Clemson quarterback Taisun Phommachanh on his brother Tyler at UConn: “Love to watch him play”


In two weeks, Tyler Phommachanh has won the hearts of UConn fans and teammates while producing at a level that makes observers forget he’s just a freshman.

As the losses continue, the Huskies are finally at a point where there is cause for optimism.

They found a quarterback – from their own backyard, no less – to rally around, capable of making plays and injecting life into a listless attack.

This is no surprise to his older brother Taisun, a sophomore quarterback at Clemson.

“It’s just who he is. He’s always had that kind of natural leadership in his home since we were kids, ”Taisun said. “He’s not trying to be someone he’s not. He’s just going to go out there and be himself, be that spark, be that live energy teammate that he is.

At least for now, Tyler’s rapid emergence has changed the conversation around the underdog agenda. Stratford’s 5-foot-11 double threat has shown promise against the military and Wyoming, and has undoubtedly taken over.

He’ll be back under center on Saturday (7:30 p.m.) in Nashville when the Huskies visit Vanderbilt, chasing their second win in 32 games against FBS opponents.

If you’re shocked at how quickly it has asserted itself, well, you shouldn’t be.

“That’s what he does,” Taisun said. “He’s elusive, he’s fast, he’s strong. He can play games with his feet.

Tyler doesn’t want to compare himself to his brother, or his father, Sam, who was a star quarterback at Harding High School in Bridgeport in the late 1980s, but he credits them for some of his success.

Taisun, who started before Tyler during his senior year at Avon Old Farms, said they always talk about the X’s and O’s and do diagrams whether they’re back in Connecticut together or separately.

“We’re definitely on the phone,” Tyler said. “We talk about a lot of things he sees, things that I see. It gives me good information about the things I need to learn and develop.

Taisun, a former four-star rookie, has played sparingly since arriving at Clemson, mostly in garbage time, or in the case of this season, some packages behind starter DJ Uiagalelei. He completed 7 of 10 passes for 75 yards with one touchdown and one interception this season for the 25th-ranked Tigers after coming back just four months after a torn Achilles tendon.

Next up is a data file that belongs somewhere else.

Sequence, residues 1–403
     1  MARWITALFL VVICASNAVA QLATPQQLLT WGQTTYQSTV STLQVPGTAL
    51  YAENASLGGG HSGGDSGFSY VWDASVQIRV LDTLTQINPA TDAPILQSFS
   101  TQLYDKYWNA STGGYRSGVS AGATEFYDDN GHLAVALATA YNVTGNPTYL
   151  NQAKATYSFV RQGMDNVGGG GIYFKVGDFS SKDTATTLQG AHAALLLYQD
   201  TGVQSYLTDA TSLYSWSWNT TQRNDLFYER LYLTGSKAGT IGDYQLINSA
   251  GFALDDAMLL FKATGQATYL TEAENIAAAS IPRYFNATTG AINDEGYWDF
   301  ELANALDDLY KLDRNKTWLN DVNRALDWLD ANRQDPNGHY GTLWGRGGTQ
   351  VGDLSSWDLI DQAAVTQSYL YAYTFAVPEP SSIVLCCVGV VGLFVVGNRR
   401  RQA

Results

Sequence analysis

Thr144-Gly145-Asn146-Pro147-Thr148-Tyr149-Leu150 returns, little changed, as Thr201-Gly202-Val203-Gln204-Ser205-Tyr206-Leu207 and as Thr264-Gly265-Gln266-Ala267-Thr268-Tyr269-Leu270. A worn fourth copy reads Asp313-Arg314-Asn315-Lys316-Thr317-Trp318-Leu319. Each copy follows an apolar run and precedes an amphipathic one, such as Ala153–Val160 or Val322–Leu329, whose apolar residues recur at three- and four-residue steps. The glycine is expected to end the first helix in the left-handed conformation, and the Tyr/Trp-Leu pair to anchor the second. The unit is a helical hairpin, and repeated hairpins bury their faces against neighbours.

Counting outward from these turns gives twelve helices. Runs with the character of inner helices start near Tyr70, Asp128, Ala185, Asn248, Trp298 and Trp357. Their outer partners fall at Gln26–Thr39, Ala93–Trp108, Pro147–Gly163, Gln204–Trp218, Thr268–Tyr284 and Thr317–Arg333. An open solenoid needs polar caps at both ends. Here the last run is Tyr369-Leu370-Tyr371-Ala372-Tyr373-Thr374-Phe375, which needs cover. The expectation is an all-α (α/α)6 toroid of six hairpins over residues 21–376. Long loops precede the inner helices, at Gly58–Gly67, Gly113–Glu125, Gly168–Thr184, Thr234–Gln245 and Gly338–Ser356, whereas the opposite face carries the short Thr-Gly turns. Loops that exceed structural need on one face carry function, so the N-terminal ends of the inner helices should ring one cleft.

Yet some experience is better than nothing. Now that his brother is following the same path, he gives him advice.

“He just told me to be calm, to be yourself, to stay positive, to keep guys standing,” Tyler said. “Keep calm and do what you’re doing.

“These guys fly, they take out hashes, they hit a lot harder, everything. He just told me to be smart, take what the defense gives you, and everyone is moving at the same speed so be careful.

Tyler finished 11 of 26 passes for 109 yards and ran for 60 yards and two touchdowns on his first start, with both scores coming against the Army’s second string defense.

He was more productive in the air the following week against Wyoming, throwing for 171 yards and a touchdown on 19 of 39 attempts as the Huskies, underdogs of 30.5 points, narrowly missed a major upheaval.

When asked if he was more comfortable in his role, Tyler suggested that the game had slowed down for him.

“The last game, I was like (to quarterback coach Mike Moyseenko), ‘It’s the coldest I’ve ever felt in a game.’ It was so weird, ”Tyler said. “I have never been so cold. I just felt comfortable.

Taisun said, “He’s just going to have fun. I love to watch him play.

Taisun might even play against him later this season. UConn is in Clemson on November 13.

“It’s one for the ages,” Taisun said with a laugh. “It’s not too often that you play your brother in college. Just being on the same ground as him is truly a blessing.

[email protected]; @DougHello

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